Engine core testing at GE Aviation The company will continue to develop combat engine technologies including capabilities achieved by the ADVENT program The new propulsion system will include variable cycle technology for combat jets that will have greater range and improved thermal management capabilities

USAF Taps GE to Develop New Jet Engines

Oct. 21, 2012
Continued development of variable-cycle technology Jet propulsion systems for 2020 and beyond Engine testing in line by 2017

The U.S. Air Force tapped GE Aviation to head its Adaptive Engine Technology Development (AETD) program, which will conduct research and develop advancements to current jet-propulsion technologies for combat aircraft — strike aircraft, bombers, and tactical aircraft. Longer flight range and greater fuel efficiency are two critical objectives for the Air Force.

The contract, which is pending final negotiation, has a listed value of $349.7 million, according the USAF.

GE Aviation will conduct the R&D at its headquarters in Evendale, Ohio. Once negotiations are complete and the contract is awarded, GE will share the costs of the program with the Air Force.

GE explained that the project calls for it “to mature a suite of technologies,” including the variable-cycle technology GE Aviation has been developing for several decades, and still is supplying in current USAF aircraft. it detailed that its adaptive engine concept has internal variable features that adjust bypass ratio and pressure ratio to optimize operation for a wide range of flight conditions.

The AETD will succeed the Adaptive Versatile Engine Technology (ADVENT) program that began in 2007 and concludes next year. The new program aims to address the Air Force’s need for jet engines in aircraft being developed for introduction beyond 2020, with significantly longer range, and improved performance and thermal management capability.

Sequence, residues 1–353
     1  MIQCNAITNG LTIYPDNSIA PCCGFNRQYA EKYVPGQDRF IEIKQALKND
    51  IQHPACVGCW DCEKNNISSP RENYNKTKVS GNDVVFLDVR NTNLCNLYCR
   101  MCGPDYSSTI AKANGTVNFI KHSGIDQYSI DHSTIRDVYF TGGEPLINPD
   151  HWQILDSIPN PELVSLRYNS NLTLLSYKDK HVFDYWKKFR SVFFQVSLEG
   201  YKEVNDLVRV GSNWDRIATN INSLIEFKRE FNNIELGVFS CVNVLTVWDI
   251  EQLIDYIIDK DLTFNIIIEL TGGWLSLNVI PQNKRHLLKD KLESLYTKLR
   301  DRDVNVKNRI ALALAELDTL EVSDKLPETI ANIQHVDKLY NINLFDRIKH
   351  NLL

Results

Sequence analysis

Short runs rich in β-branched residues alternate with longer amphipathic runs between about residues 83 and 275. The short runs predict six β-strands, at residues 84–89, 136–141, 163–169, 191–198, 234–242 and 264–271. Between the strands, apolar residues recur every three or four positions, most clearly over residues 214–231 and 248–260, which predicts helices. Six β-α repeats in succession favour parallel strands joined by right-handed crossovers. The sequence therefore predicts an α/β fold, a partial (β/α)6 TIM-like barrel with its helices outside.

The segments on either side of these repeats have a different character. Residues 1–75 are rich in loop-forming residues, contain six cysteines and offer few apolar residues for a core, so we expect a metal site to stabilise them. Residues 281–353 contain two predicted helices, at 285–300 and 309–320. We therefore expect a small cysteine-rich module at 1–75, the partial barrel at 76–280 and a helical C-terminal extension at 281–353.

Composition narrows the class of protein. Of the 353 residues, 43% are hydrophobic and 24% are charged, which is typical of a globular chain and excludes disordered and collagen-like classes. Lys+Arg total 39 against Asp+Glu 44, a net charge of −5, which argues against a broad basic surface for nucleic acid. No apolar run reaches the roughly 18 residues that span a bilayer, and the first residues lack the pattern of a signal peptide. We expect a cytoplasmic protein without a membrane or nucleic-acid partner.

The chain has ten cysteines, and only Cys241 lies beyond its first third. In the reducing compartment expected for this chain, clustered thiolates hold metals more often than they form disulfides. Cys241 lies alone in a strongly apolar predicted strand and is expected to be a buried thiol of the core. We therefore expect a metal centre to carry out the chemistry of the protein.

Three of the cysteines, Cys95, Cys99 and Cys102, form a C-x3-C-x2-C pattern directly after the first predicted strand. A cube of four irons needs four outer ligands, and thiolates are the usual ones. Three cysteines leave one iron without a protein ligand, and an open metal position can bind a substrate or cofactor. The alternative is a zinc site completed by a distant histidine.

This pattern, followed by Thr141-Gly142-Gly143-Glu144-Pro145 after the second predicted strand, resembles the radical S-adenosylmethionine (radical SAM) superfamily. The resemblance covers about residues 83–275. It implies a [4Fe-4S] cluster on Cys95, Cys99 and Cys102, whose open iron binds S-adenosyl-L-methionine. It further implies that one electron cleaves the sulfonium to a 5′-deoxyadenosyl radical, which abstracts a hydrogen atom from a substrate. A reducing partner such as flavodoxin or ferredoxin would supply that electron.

GE indicated that AETD would continue to develop technologies already established through the ADVENT program, including an adaptive three-stream fan, third stream-cooled cooling air, and ceramic matrix composite (CMC) materials. ADVENT showed these developments are capable of improving power extraction, thermal management, and inlet recovery, it stated, and to reduce installed drag.

The initial phase of the AETD program will complete the preliminary engine design, test a full annular combustor rig, high-pressure compressor rig, and components using CMCs. The next phase will involve fan rig testing and a full engine core test.

The first test of the new engine may happen as early as 2017, according to GE Aviation

“We are proud to continue to serve the war fighter in the combat segment, and we believe these technologies will provide a new generation of propulsion far superior to current-day systems,” stated Jean Lydon-Rodgers, v.p. and general manager of GE Aviation’s Military Systems Operation.

About the Author

Robert Brooks | Content Director

Robert Brooks has been a business-to-business reporter, writer, editor, and columnist for more than 20 years, specializing in the primary metal and basic manufacturing industries. His work has covered a wide range of topics, including process technology, resource development, material selection, product design, workforce development, and industrial market strategies, among others. Currently, he specializes in subjects related to metal component and product design, development, and manufacturing — including castings, forgings, machined parts, and fabrications.

Brooks is a graduate of Kenyon College (B.A. English, Political Science) and Emory University (M.A. English.)

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